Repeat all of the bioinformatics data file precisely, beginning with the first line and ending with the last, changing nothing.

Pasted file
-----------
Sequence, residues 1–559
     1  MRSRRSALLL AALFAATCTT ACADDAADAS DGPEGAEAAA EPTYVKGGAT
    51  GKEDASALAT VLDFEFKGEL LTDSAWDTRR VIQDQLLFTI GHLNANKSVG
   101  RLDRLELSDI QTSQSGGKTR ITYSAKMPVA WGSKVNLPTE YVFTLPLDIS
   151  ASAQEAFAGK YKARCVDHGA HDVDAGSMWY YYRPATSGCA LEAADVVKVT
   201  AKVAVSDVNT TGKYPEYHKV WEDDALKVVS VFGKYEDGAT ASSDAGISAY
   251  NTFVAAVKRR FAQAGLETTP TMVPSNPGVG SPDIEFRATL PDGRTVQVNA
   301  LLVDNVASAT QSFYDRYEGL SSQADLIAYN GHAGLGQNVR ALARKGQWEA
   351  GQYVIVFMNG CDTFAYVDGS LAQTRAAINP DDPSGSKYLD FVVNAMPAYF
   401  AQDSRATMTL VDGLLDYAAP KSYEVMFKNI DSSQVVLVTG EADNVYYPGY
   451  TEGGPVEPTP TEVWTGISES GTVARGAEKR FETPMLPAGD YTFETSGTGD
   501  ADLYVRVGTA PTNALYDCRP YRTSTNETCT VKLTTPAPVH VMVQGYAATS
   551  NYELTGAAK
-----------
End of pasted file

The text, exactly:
Sequence, residues 1–559
     1  MRSRRSALLL AALFAATCTT ACADDAADAS DGPEGAEAAA EPTYVKGGAT
    51  GKEDASALAT VLDFEFKGEL LTDSAWDTRR VIQDQLLFTI GHLNANKSVG
   101  RLDRLELSDI QTSQSGGKTR ITYSAKMPVA WGSKVNLPTE YVFTLPLDIS
   151  ASAQEAFAGK YKARCVDHGA HDVDAGSMWY YYRPATSGCA LEAADVVKVT
   201  AKVAVSDVNT TGKYPEYHKV WEDDALKVVS VFGKYEDGAT ASSDAGISAY
   251  NTFVAAVKRR FAQAGLETTP TMVPSNPGVG SPDIEFRATL PDGRTVQVNA
   301  LLVDNVASAT QSFYDRYEGL SSQADLIAYN GHAGLGQNVR ALARKGQWEA
   351  GQYVIVFMNG CDTFAYVDGS LAQTRAAINP DDPSGSKYLD FVVNAMPAYF
   401  AQDSRATMTL VDGLLDYAAP KSYEVMFKNI DSSQVVLVTG EADNVYYPGY
   451  TEGGPVEPTP TEVWTGISES GTVARGAEKR FETPMLPAGD YTFETSGTGD
   501  ADLYVRVGTA PTNALYDCRP YRTSTNETCT VKLTTPAPVH VMVQGYAATS
   551  NYELTGAAK